19 Ontario School Library Association: Curriculum Supports 2005 However,“Catching Internet cheaters is not the best answer. It’s a lot like doing an autopsy. No matter how terrific the coroner is at determining how or why a person died, the damage has been done. Bringing the culprit to light won’t change that. Preventing the problem is a much better approach.”Lisa Renard, “Cut and Paste 101: Plagiarism and the Net”.Ontario School Library Association: Curriculum Supports 2005
20 The Best Defense: Be Proactive Rethink the very nature of research assignments and the purpose they serve in the curriculum.Emphasize the research process and the learning of lifelong information literacy skills.Collaborate with your teacher librarian to design rich, authentic assignments.Structure writing assignments to reduce plagiarism.Build a common understanding of academic honesty.Model academic integrity.Ontario School Library Association: Curriculum Supports 2005
21 Research Project Design Authentic Learning• engages in real world issues or problems to demonstrate learning• allows students to utilize their learning styles and strengths• focuses on both process and productYou get what you ask what you gettrading partners
22 GRASP - Rich Performance Tasks Goal: focus for “enduring understanding”Role: multi perspectivesAudience: authentic tone and voiceSituation: real-life contextProduct: varied - presentations, reports, brochure
23 Stories BAN those BIRD UNITS Dr. David Loertscher Carol Koechlin Sandi ZwaanBAN those BIRD UNITS15 Models for Teaching and Learning inInformation-rich and Technology-richEnvironmentsStoriesOntario School Library Association: Curriculum Supports 2005
24 Rethink research assignments. Structure them so that they:are examples of authentic learningemphasize critical thinking skillsemphasize creative thinkingemphasize metacognition so that students can think about the “what” and “how” of their learningWe CAN structure assignments so theyare meaningful and cheat proof“All about essays” are a waste of time--all they prove is that a student can access information and copy it. Instead, students need to do something with the information which requires them to do critical thinking.Jamie McKenzie - “From Now On”“It is reckless and irresponsible to continue requiring “all about” essays and “go find out about” assignments--these are archaic projects.”He recommends:emphasize “essential questions”require and enable students to make their own answerscreate projects which require students to make explanations, solve problems, make choices and decisionsemphasize topical research and real-life issuesConstruct assignments that do NOT invite plagiarism. It has been said that if the complete answer to an academic question can be found on the Internet then the question needs to be changed.Ontario School Library Association: Curriculum Supports 2005
25 Ontario School Library Association: Curriculum Supports 2005 Research AssignmentsRethink Traditional Research ProductsIncorporate technology (e.g. TV talk show, PowerPoint, web pages)Create a game (i.e., with rules similar to Jeopardy, Trivial Pursuit, Survivor)Create visual products (e.g. dioramas, models)Create a WebquestFocus on time (e.g. write an obituary for a civilization, change a historical decision and predict the possible consequences.Change format (e.g. debates, simulations, role plays, trials, newspapers, editorials)Ontario School Library Association: Curriculum Supports 2005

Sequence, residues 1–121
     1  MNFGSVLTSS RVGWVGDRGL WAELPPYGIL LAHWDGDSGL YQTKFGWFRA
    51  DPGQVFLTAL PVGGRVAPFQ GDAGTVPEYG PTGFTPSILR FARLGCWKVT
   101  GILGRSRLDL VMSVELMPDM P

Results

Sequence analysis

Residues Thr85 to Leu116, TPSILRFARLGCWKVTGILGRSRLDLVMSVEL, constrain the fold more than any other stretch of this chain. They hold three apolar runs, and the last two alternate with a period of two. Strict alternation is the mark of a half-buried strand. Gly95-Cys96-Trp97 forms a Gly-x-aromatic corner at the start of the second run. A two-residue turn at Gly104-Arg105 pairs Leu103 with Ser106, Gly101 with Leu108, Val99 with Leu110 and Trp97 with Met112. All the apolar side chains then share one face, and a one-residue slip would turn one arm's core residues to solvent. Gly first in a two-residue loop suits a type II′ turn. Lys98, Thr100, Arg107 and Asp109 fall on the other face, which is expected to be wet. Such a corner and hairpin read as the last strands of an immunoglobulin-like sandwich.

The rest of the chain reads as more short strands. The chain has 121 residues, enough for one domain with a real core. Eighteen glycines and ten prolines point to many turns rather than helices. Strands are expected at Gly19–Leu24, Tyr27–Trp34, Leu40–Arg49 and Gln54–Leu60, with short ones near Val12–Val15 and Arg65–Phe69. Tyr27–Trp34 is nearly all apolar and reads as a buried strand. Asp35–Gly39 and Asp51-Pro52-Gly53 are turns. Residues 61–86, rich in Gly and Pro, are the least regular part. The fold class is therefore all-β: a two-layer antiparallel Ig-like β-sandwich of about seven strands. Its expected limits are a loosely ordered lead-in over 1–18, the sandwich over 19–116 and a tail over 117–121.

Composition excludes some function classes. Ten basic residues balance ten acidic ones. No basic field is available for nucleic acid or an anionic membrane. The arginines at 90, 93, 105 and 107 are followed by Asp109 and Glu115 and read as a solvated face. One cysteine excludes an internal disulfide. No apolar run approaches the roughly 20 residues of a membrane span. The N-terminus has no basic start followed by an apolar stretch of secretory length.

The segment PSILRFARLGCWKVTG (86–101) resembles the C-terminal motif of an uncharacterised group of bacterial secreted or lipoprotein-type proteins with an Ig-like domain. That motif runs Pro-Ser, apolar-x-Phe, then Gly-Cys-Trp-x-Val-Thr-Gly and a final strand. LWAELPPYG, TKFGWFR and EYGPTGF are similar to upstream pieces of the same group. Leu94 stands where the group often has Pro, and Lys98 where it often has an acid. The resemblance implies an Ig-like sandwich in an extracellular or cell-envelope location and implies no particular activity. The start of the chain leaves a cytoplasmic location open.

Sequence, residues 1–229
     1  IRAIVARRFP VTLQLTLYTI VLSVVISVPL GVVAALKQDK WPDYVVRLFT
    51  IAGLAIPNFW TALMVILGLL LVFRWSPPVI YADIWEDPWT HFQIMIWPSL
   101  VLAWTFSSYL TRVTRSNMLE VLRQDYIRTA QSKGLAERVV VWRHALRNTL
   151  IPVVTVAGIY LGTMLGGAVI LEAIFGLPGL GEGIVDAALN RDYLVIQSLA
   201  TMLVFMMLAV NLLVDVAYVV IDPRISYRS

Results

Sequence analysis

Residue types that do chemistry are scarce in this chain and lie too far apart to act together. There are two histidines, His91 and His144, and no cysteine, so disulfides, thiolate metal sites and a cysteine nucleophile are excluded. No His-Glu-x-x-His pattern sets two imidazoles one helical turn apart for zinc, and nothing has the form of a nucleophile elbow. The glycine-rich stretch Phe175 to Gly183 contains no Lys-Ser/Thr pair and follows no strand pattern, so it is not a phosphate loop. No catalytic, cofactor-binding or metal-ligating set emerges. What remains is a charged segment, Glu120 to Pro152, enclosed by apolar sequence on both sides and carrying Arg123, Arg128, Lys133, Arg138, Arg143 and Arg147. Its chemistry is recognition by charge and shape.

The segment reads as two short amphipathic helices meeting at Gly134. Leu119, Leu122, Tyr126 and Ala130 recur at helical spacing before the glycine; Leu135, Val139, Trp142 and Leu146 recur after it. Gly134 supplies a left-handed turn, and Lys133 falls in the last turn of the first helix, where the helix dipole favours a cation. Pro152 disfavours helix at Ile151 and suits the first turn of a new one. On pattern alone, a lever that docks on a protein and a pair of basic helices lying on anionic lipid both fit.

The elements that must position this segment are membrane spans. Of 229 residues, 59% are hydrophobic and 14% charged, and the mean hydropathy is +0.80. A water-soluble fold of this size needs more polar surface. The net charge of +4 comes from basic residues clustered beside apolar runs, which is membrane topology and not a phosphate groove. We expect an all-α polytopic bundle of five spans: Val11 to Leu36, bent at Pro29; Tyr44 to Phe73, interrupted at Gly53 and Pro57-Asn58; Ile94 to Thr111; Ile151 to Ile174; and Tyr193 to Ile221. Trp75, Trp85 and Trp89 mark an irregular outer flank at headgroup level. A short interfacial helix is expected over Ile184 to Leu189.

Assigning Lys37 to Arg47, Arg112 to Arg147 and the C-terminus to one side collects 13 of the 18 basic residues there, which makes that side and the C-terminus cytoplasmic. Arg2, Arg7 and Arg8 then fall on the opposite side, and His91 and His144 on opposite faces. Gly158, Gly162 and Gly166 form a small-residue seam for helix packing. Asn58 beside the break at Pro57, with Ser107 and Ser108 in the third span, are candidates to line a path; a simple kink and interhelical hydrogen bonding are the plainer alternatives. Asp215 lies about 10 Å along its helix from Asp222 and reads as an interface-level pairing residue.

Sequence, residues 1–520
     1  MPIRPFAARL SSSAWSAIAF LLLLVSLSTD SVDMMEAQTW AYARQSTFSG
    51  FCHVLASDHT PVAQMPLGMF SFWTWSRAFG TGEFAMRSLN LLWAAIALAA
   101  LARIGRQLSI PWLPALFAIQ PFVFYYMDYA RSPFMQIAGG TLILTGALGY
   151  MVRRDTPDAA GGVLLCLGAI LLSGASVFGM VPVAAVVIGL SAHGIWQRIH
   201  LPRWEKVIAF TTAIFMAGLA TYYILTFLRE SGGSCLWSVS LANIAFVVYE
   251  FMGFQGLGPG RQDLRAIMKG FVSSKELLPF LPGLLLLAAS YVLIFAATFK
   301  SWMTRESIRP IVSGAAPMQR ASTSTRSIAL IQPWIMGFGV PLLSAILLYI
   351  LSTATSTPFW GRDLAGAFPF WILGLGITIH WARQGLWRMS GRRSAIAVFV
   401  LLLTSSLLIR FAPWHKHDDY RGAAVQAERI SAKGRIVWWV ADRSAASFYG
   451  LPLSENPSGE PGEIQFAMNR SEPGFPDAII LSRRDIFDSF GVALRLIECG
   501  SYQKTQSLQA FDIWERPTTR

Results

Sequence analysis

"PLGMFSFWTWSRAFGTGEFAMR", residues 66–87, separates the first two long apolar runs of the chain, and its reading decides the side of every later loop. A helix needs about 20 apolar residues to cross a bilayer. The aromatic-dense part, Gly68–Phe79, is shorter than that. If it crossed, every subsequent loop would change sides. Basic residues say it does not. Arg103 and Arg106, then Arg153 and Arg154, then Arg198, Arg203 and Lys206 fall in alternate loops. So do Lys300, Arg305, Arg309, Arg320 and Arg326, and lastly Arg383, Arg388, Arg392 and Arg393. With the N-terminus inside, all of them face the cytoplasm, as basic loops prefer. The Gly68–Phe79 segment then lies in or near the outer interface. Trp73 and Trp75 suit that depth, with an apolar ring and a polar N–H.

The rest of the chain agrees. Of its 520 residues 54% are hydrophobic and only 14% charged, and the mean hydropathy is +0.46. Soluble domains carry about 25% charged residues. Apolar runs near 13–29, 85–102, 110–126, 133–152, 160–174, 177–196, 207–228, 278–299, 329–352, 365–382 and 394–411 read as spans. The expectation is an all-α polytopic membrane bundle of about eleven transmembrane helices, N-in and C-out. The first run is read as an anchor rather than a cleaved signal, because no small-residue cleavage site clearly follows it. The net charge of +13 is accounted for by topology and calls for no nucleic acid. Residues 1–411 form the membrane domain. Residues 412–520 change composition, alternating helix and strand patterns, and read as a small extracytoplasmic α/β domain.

26 Ontario School Library Association: Curriculum Supports 2005 Research AssignmentsChange Point of View in Traditional AssignmentsExplain why the French Revolution was inevitable.You are a merchant living in Paris in Explain why you support the French Revolution.Ontario School Library Association: Curriculum Supports 2005
27 Ontario School Library Association: Curriculum Supports 2005 Research AssignmentsChange Point of View in Traditional AssignmentsDescribe the relationship between Anne Frank and her mother.Write a letter as Mrs. Frank to your daughter, Anne, explaining the problems you are having with her.Ontario School Library Association: Curriculum Supports 2005
28 Ontario School Library Association: Curriculum Supports 2005 Research AssignmentsChange Point of View in Traditional AssignmentsWrite a report on xyz city.Which city is the best city for….-the Winter Olympics-a new theme park-a family’s new homeOntario School Library Association: Curriculum Supports 2005
29 Ontario School Library Association: Curriculum Supports 2005 Research AssignmentsChange Point of View in Traditional AssignmentsYou are to go on a trip to a National Park in Canada with your family. Determine the interests of each member of your family. Gather and record information about two national parks. Determine the park that most closely meets those interests and create a multimedia advertisement that sells us on your choice of park.Write a report on a National Park of your choice. Include information about its location, wildlife, activities, and landforms.Ontario School Library Association: Curriculum Supports 2005
30 Why Teach A Research Process? Structure or plan for studentsConsistency and common languageTransferable to all subjects and gradeFramework for:design of projectskillsassessing & evaluatingRoseWhy a I&R model?The I& research process can be taught and learned.A model provides a consistent format, language and framework for students.I&R incorporates higher level thinking skills that are transferable to all subjects and cross curricular and lead to lifelong learningA model allows for the clustering and breakdown of the skills presenting and teaching them in stages and chunks for the studentsRecognizes research as process and cyclicalConsistent with common languageTransfers to all subjects across gradesFramework to cluster important skill setsTo teach skills,To assess and track student learningTo counter plagiarism. Promotes academic honesty. Evidence throughout the process. Framework to design quality research assignmentsAllows for Constant feedback- Verbal, written, visual, sharing, conferencesFor studentsFramework for developmental, sequential, life-long skill setsFacilitates student independenceMeaningful for student ~ gives structure, goalsprovides a plan/model to complete a project defines (shows) skills to learn to complete a research projectidentifies ways of organizingprovides a guide for making decisions about the research